2. To Avoid Gripping or Overworking the Hip Flexors. Commonly in Pilates mat routines the legs are extended or held in tabletop position while the core is being worked. This type of open-chain exercise can be stressful for those who are tight in their hip flexors or weak in their core muscles and have difficulty supporting the weight of the legs. It makes a nice assist for the legs when one or both ankles are placed against the top of the circle for support (see Monkey Roll-Up Combo). Also, gently pressing down on the circle with the ankle(s) engages the hip extensors and keeps the hip flexors more relaxed (see the Hundred intensification exercise). Both the leg support and the increased hip extensor engagement enable clients to bring their focus back to the core.
Start Position. Lie supine with bent legs hip distance apart, pelvis and spine in neutral. Place head inside magic circle, resting on bottom cushion. Place hands inside circle, palms up, pressing against top cushion. Wrists can cross if pad is too small for hands, but keep palms facing up.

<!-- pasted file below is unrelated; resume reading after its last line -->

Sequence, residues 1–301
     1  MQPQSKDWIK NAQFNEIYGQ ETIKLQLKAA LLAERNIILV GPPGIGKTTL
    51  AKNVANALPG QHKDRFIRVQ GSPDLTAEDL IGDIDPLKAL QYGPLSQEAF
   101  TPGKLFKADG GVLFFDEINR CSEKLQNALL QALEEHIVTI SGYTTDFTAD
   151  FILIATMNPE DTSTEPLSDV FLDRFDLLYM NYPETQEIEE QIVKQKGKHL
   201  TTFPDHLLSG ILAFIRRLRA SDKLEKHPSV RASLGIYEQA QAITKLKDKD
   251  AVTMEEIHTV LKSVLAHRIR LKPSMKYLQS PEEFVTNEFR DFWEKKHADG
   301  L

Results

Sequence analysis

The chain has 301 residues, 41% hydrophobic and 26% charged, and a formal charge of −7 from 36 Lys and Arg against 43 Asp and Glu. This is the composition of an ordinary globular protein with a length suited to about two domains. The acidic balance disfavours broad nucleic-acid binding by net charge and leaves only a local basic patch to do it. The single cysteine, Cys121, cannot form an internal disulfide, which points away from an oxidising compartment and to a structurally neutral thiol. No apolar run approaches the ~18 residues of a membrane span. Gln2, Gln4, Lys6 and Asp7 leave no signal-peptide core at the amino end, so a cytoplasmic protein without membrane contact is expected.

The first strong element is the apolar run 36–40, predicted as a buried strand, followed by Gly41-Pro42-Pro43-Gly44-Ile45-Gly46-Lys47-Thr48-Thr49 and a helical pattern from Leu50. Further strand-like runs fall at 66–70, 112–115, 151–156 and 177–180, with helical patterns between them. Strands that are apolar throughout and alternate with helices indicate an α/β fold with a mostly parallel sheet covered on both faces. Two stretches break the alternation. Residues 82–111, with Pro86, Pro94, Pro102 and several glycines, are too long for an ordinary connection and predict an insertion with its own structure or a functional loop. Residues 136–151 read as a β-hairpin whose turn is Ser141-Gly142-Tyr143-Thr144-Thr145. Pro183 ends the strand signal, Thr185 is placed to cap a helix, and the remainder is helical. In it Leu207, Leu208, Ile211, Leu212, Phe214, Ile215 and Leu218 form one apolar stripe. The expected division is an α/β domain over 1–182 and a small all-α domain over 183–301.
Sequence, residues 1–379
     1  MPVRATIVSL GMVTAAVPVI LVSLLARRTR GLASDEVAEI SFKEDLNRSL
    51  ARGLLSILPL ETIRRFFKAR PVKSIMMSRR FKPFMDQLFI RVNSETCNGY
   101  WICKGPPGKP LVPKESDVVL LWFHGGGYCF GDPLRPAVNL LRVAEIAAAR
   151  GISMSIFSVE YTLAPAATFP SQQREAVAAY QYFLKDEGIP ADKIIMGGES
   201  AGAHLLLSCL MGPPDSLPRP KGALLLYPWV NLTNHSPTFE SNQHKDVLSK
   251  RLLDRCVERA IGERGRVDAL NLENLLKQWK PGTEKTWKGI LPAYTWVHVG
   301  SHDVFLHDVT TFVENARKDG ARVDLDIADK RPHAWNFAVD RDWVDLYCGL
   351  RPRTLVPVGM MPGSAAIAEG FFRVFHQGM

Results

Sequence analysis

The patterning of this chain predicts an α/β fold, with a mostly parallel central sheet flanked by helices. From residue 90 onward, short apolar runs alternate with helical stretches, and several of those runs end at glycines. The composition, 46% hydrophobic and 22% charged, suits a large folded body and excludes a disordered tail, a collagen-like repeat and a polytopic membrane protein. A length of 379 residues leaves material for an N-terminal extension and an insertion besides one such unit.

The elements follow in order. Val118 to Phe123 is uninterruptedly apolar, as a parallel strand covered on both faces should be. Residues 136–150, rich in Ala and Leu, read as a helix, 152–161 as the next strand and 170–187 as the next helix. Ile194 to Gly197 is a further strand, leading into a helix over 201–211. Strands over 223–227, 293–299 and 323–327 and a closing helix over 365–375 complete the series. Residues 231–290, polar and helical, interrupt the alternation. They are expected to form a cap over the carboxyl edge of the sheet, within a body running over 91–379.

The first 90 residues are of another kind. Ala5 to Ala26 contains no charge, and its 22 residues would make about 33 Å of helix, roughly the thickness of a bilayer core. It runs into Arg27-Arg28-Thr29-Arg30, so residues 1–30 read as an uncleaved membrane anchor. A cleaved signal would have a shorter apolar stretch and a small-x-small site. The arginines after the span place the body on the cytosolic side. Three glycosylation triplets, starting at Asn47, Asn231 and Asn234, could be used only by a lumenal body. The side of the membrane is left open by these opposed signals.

Exercise. Inhale to prepare. As you exhale, flex upper trunk off mat. Inhale, staying flexed. As you exhale, lower back down to start position. Repeat 8–10 times. To increase the challenge, stay up in flexion and pulse 3–5 times.
Start Position. Lie prone with pelvis and spine in neutral. Have both legs bent, abducted and laterally rotated with heels together. Reach arms overhead, holding magic circle with heels (palms) of both hands, elbows softly bent.
Exercise. Inhale to prepare. As you exhale, squeeze heels together while simultaneously pressing heels of hands into pads of magic circle. Repeat 8–10 times.
Start Position. Lie supine with pelvis and spine in neutral. Have one leg bent with foot flat on mat, other leg fully extended with ankle resting on top pad of magic circle. Rest extended arms by sides of body.